09/30/2002 6:12 pm ET
Clemens, Angels have some history
NEW YORK -- This is supposed to be such a slam-dunk cinch. A quick beginning to the Angels' end.
Roger Clemens, who is on his way to the Hall of Fame, bearing down on a bunch of postseason trespassers only on their way out of town.
And Game 1 of the Division Series may indeed adhere to that simple plot. Yet there are some jolting aspects to Tuesday night's matchup, giving the Yankees pause and the Angels hope.
Clemens is 19-2 the last two seasons at Yankee Stadium, but he has never beaten the Angels here.
The Angels do not strike out, neutralizing a key element of The Rocket's game.
Foremost, for you California karma worshipers, the last time the Angels ran into Clemens at the gates of postseason, they ran over him, setting themselves up nicely for a huge series upset.
OK, that was back in 1986, and it never happened. The Angels folded out of a 3-games-to-1 ALCS lead over Clemens' Red Sox. The point, however, is the inspiration that can be found in getting by Clemens.
So in starting Clemens in Game 1, is Joe Torre risking putting some wind under the Angels' wings? Because the Halos do match up well with the 40-year-old flamethrower.
As a team, the Angels struck out a measly 805 times, 116 fewer than any other MLB team.
While no longer fixated on hoarding strikeouts, Clemens candidly says blowing people away is a way to "try to apply pressure. With two strikes, I will go to a certain pitch to try to induce that."
He needs that. Clemens had 10 starts this season in which he struck out fewer than five batters, and he won only four of them, not the best percentage for a guy with an overall 13-6 record.
"I don't worry about strikeouts," Clemens said, "although there are certain situations where you need them. If they come in bunches, great. But I don't look forward to trying to strike out a lot of guys."
Against these guys, the approach wouldn't work anyway. The team K total is even more impressive when noting 246 of them belong to two men, Troy Glaus and Tim Salmon. That means, when you're facing any other part of the order, you better be on your toes.
Odd thing, these guys don't walk, either. Between them, Garret Anderson and Darin Erstad drew 37 unintentional walks in 1,319 plate appearances. Two others (Bengie Molina and Adam Kennedy) had more than 500 PAs and fewer than 20 walks.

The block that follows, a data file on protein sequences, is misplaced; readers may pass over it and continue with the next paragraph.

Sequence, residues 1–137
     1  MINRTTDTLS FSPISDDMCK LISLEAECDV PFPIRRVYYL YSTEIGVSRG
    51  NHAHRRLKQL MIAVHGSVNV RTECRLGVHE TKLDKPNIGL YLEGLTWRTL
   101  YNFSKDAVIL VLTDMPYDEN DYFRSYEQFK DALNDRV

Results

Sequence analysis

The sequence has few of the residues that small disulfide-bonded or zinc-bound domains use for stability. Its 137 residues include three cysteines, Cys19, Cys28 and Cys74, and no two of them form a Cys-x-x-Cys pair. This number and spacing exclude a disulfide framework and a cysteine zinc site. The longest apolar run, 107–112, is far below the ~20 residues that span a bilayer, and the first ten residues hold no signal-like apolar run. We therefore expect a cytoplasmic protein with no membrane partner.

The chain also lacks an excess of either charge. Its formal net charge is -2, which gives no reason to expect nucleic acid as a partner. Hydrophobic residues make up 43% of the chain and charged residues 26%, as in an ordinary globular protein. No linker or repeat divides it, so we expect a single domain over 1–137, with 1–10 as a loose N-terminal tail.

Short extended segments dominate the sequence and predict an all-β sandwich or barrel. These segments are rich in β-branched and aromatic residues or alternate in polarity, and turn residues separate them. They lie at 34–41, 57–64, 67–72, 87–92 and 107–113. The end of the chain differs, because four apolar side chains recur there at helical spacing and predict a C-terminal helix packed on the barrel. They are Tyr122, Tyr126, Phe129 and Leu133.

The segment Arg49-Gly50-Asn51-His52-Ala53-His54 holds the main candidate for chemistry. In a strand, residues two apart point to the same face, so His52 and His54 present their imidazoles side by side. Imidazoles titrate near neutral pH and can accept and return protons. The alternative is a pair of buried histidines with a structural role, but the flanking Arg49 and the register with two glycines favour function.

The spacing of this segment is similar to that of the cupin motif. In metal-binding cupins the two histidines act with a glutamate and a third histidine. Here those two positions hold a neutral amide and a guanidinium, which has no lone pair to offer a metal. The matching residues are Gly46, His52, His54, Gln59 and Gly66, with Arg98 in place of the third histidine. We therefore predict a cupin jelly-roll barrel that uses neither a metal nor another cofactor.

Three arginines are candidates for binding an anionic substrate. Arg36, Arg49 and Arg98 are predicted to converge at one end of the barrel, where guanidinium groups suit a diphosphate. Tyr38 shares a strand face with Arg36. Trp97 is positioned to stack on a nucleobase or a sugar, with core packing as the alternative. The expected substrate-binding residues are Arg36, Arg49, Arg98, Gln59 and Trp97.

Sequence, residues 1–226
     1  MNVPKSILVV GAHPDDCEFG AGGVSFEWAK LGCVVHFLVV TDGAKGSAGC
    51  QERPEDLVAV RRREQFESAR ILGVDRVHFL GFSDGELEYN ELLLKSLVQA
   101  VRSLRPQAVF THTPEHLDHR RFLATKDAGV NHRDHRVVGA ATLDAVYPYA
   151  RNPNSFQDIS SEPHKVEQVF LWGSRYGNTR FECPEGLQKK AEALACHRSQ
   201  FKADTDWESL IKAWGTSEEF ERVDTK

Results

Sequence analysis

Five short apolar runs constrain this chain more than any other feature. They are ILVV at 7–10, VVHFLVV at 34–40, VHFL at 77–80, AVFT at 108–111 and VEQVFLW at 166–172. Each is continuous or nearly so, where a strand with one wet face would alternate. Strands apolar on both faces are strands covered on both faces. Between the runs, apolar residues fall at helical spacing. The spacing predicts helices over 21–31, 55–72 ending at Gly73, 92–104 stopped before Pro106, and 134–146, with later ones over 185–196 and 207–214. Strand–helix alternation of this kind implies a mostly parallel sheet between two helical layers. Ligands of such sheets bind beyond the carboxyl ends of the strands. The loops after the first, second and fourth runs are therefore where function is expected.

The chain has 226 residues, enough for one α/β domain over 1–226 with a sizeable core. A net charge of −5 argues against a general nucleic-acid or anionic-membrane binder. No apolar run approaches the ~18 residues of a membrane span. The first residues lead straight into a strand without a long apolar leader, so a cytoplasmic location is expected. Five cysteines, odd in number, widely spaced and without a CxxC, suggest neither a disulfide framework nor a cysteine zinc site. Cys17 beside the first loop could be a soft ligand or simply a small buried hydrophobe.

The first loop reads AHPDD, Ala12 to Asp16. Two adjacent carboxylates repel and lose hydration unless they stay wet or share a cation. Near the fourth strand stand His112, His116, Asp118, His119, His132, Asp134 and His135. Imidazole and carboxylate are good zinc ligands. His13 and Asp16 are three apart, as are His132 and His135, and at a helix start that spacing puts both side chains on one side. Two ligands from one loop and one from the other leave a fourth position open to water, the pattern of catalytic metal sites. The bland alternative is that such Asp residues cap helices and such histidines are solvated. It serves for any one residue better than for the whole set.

"We are very aware that these guys put the ball in play," Clemens said.
Making them field a lot of balls is a good way to try to survive the Yankees, who have been more prone to slumps with the glove than with the bat.
"I'm comfortable now," said Torre, who earlier in the season openly worried about his defense. "Just watching us play lately makes me very comfortable about the aggressiveness of our defense.
"We've been getting to balls in the outfield very quickly, which is what we need to do against these guys."
The Angels are extremely aggressive on the bases, grinding to take the extra base even on outfields with good arms. Which the Yankees do not have.
"They run hard from the first step," nodded Torre, whose respect for the opposition comes through clear.
Torre's influence on his clubhouse is thorough, so Clemens knows to expect a fight. Even though he and Game 3 starter Mike Mussina have not yet faced the Angels this season.
"But I've watched them, and we got a real nice scouting report," Clemens said. "I'll take what I know, what's in the report and try to match it up. I'll try to break them down as much as I can."
Although they have been strangers this season, there's a lot of history between Clemens and the Angels. His regular-season career record against them is 27-8, and he has devoured the biggest sticks in their lineup (Salmon .235, Glaus .211, Anderson .205)
"I've faced quite a few of their hitters in the past, but I don't care to talk about the success I've had against them," Clemens said. "It doesn't matter how I've picked them apart. I've got to go out and do it again."
Their mutual history, as noted, traces back to Clemens' very first postseason start, on that Oct. 7, 1986 Fenway Park afternoon when Mike Witt (a future Yankee) got the best of him, 8-1.
"Wow, the first one was ... quite exciting," said Clemens, asked to briefly board the time machine. "I was fairly relaxed. But the only thing I remember about it is that it went extremely fast."
Interestingly, the only thing Clemens' questioners seemed to remember about that 1986 ALCS was that he'd defeated the Angels in Game 7. Typical query: "How do you compare yourself to the guy who sent the Angels out of the playoffs?"
Before being the one who sent them out, Clemens had also been the one who invited them in. In a baseball world that often proves cyclical, something for the Yankees to sweat out.
Tom Singer is a reporter for MLB.com. This story was not subject to the approval of Major League Baseball or its clubs.